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Chile Deletes Sodomy Law

By Rex Wockner
International News Report

sasodomy.gif - 6.03 K Chile repealed its ban on gay sex last month as part of a general reform of sex-related laws, the International Gay & Lesbian Human Rights Commission (IGLHRC) reported January 14.

Sexual relations between adults of the same gender had been punishable with up to five years in prison.

Under the reform, the age of consent for gay sex was set at 18, higher than for heterosexual sex.

"We hope that the governments of Nicaragua and Puerto Rico pay attention to the news from Santiago," said Mirka Negroni, an IGLHRC regional specialist. "These are the last states in Latin America that still criminalize homosexual activity."

Meanwhile, in the U.S.A., 19 of the 50 states still ban "sodomy," including five states that ban only homosexual sodomy (Arkansas, Kansas, Missouri, Oklahoma and Texas), IGLHRC said.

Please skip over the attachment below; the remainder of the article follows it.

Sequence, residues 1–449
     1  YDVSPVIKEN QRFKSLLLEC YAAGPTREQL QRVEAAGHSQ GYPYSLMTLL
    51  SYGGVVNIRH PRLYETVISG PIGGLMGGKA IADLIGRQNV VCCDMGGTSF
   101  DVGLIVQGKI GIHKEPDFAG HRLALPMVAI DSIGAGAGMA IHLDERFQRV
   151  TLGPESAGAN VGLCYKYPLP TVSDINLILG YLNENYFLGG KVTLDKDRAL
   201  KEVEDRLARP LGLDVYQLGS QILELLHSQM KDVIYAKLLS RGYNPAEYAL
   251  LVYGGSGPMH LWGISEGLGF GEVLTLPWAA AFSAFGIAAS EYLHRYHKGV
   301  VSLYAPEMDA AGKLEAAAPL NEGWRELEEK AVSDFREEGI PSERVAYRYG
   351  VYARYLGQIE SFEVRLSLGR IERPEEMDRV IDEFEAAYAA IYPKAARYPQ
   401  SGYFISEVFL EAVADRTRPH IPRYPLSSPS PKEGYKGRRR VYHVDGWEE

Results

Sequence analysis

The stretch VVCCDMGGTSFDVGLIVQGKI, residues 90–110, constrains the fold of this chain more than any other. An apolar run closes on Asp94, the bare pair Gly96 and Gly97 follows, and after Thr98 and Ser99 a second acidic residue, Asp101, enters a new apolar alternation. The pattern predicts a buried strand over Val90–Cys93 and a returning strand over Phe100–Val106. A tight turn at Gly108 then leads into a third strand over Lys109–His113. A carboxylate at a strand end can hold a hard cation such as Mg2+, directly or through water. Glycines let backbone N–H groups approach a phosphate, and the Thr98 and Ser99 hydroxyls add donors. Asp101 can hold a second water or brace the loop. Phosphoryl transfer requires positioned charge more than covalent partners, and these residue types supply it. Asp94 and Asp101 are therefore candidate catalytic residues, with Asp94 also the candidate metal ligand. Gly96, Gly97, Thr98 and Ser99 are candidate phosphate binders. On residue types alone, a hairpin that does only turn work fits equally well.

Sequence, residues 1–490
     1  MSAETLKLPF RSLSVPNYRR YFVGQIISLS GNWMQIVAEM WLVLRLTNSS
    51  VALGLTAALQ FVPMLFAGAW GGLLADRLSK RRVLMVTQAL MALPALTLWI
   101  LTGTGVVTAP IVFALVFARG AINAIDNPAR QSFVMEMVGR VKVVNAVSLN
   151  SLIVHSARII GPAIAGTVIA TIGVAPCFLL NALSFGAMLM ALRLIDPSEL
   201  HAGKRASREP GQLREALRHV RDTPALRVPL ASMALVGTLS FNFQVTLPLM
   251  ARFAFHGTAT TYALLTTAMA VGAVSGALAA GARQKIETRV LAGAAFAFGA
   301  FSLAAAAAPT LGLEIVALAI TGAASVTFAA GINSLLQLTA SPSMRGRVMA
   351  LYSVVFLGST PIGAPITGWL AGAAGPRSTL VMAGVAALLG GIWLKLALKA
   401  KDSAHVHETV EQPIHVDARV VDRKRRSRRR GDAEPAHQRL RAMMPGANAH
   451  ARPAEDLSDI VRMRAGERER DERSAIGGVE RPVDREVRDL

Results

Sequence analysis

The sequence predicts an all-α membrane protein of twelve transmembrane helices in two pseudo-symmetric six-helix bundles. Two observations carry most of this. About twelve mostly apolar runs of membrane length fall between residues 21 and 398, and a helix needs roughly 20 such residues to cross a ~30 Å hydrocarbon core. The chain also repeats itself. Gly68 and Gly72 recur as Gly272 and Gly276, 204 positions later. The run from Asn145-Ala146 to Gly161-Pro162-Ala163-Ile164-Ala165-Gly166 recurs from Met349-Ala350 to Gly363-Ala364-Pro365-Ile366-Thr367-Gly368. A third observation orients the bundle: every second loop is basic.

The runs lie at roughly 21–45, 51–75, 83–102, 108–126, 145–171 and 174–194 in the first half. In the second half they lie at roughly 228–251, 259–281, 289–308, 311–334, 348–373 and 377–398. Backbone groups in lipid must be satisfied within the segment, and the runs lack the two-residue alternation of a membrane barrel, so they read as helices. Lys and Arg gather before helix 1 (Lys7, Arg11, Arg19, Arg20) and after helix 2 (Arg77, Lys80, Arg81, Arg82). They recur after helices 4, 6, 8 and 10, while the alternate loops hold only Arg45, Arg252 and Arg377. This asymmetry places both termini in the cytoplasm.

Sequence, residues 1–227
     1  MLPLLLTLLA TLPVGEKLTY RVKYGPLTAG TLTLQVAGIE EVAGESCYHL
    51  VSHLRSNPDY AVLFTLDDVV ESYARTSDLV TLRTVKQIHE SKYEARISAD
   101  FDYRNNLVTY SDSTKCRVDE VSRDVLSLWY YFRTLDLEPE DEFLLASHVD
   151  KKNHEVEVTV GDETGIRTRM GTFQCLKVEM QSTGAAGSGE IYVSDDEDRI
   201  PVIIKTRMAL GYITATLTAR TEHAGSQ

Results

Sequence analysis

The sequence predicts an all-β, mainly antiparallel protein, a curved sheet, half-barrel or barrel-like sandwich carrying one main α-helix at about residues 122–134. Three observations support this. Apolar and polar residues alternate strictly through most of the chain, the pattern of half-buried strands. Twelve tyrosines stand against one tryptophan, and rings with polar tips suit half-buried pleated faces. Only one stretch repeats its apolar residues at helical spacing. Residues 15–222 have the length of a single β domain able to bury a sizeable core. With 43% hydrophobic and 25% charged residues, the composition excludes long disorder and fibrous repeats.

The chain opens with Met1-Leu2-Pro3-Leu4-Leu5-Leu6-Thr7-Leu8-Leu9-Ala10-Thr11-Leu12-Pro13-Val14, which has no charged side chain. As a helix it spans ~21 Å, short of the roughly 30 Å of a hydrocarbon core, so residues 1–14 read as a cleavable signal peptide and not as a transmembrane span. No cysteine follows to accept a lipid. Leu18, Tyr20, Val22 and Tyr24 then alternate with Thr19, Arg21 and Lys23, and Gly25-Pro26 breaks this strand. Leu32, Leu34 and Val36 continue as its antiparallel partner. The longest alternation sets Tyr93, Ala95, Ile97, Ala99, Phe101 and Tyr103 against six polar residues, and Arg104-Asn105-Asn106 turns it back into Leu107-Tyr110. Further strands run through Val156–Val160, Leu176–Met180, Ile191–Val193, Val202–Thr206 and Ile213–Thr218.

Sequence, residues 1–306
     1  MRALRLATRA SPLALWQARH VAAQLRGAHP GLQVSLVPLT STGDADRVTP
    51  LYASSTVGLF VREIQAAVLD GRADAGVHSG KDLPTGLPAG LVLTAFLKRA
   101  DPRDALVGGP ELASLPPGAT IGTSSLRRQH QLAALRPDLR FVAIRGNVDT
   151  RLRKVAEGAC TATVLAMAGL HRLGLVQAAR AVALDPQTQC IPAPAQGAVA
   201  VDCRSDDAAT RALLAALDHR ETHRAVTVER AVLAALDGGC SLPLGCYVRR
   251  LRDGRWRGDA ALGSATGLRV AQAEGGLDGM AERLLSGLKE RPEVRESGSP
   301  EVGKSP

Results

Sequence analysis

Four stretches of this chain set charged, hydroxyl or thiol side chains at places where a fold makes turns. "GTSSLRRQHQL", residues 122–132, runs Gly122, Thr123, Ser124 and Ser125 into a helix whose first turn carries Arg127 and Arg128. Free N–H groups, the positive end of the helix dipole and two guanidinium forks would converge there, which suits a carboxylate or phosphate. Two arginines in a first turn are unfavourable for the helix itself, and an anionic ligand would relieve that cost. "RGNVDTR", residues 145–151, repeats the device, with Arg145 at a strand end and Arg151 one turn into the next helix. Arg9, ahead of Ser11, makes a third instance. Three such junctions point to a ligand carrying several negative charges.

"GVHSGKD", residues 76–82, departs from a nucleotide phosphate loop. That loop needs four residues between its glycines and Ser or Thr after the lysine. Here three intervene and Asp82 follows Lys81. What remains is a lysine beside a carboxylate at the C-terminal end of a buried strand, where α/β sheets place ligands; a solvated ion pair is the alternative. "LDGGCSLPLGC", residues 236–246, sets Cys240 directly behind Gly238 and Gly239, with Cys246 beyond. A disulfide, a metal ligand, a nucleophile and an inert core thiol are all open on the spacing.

"These statutes don't just fly in the face of privacy and common sense; they violate international law," said the group's Scott Long.

In a case filed by gay activists in the Australian state of Tasmania in 1994, the United Nations Human Rights Committee ruled that prohibitions on gay sex violate the International Covenant on Civil and Political Rights, of which the U.S.A. is a signatory.

Related Stories from the GayToday Archive:
Argentine Police Chief Resigns After Anti-Gay Slurs

U.S. Looks at Anti-Gay Climate in Latin America

Costa Rica Reportedly Bans Discrimination

Related Sites:
International Gay & Lesbian Human Rights Commission
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As a result of the ruling, Tasmania legalized homosexuality.

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